Saturday, July 25, 2020

Lipshaw on The False Dichotomy of Corporate Governance Platitudes

Jeffrey Lipshaw has posted "The False Dichotomy of Corporate Governance Platitudes" on SSRN.  I have set forth the abstract below.  I had the pleasure of reading an early draft, and I highly recommend the paper.  Among other things, Jeff brings a level of practical experience to the topic ("more than a quarter century as a real world corporate lawyer and senior officer of a public corporation") that makes his views a must-read.  Having said that, my own view is that the “shareholder vs. stakeholder” debate is meaningful even if it only really matters in "idiosyncratic cases in which corporate leaders have managed to be either bullheaded or ill-advised."

In 2019, the Business Roundtable amended its principles of corporate governance, deleting references to the primary purpose of the corporation being to serve the shareholders. In doing so, it renewed the “shareholder vs. stakeholder” debate among academic theorists and politicians. The thesis here is that the zero-sum positions of the contending positions are a false dichotomy, failing to capture the complexity of the corporate management game as it is actually played. Sweeping and absolutist statements of the primary purpose of the corporation are based on arid thought experiments and idiosyncratic cases in which corporate leaders have managed to be either bullheaded or ill-advised. In the real world, management regularly commits itself to multiple competing constituencies, including the shareholders.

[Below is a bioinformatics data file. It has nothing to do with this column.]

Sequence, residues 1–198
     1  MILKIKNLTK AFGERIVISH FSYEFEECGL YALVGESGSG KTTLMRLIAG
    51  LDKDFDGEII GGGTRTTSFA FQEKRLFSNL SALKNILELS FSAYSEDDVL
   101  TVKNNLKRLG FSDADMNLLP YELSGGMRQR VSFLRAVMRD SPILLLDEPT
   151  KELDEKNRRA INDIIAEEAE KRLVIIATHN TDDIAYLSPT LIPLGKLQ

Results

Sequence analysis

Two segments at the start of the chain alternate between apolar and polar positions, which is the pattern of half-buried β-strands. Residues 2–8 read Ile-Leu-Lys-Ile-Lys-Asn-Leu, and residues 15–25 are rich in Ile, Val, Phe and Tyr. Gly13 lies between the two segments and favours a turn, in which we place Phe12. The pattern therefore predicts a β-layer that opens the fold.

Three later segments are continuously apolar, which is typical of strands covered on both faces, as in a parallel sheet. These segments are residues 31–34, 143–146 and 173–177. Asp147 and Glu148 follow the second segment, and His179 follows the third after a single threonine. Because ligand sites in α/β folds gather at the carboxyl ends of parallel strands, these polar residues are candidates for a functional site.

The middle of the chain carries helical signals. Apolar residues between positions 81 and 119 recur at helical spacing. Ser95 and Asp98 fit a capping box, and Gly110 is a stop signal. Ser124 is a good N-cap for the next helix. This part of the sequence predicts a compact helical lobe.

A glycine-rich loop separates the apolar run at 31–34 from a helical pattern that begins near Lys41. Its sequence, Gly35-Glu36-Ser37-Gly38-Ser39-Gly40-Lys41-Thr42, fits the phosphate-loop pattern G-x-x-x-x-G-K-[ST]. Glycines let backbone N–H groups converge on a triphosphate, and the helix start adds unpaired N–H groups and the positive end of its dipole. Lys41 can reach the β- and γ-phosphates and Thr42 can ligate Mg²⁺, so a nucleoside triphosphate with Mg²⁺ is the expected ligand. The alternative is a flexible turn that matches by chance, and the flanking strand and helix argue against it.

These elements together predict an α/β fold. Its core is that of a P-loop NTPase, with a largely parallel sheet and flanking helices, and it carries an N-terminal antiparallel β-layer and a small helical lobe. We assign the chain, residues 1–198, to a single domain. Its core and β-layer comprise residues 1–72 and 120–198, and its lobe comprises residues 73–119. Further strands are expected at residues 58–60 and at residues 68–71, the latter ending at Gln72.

There are three arguments. The first is from reality, borne out by a survey of pre-amendment CEO annual report letters to shareholders (2017) and post-amendment responses (2020) to the COVID-19 pandemic. The second is from economics. Neo-classical economic theory supporting the doctrine is misplaced; transaction cost analysis under the New Institution Economics does a far better job of explaining the primacy of wide corporate discretion in allocating surplus among the corporate constituencies. The third is from jurisprudence. Doctrinal dicta like “corporations exist primary to maximize shareholder wealth” are not so much right or wrong as meaningless. Rather, the business judgment rule, which justifies almost any allocation of corporate surplus having an articulable connection to the best interest of the enterprise, subsumes all other platitudes posing as rules of law.

Stefan J. Padfield | Permalink


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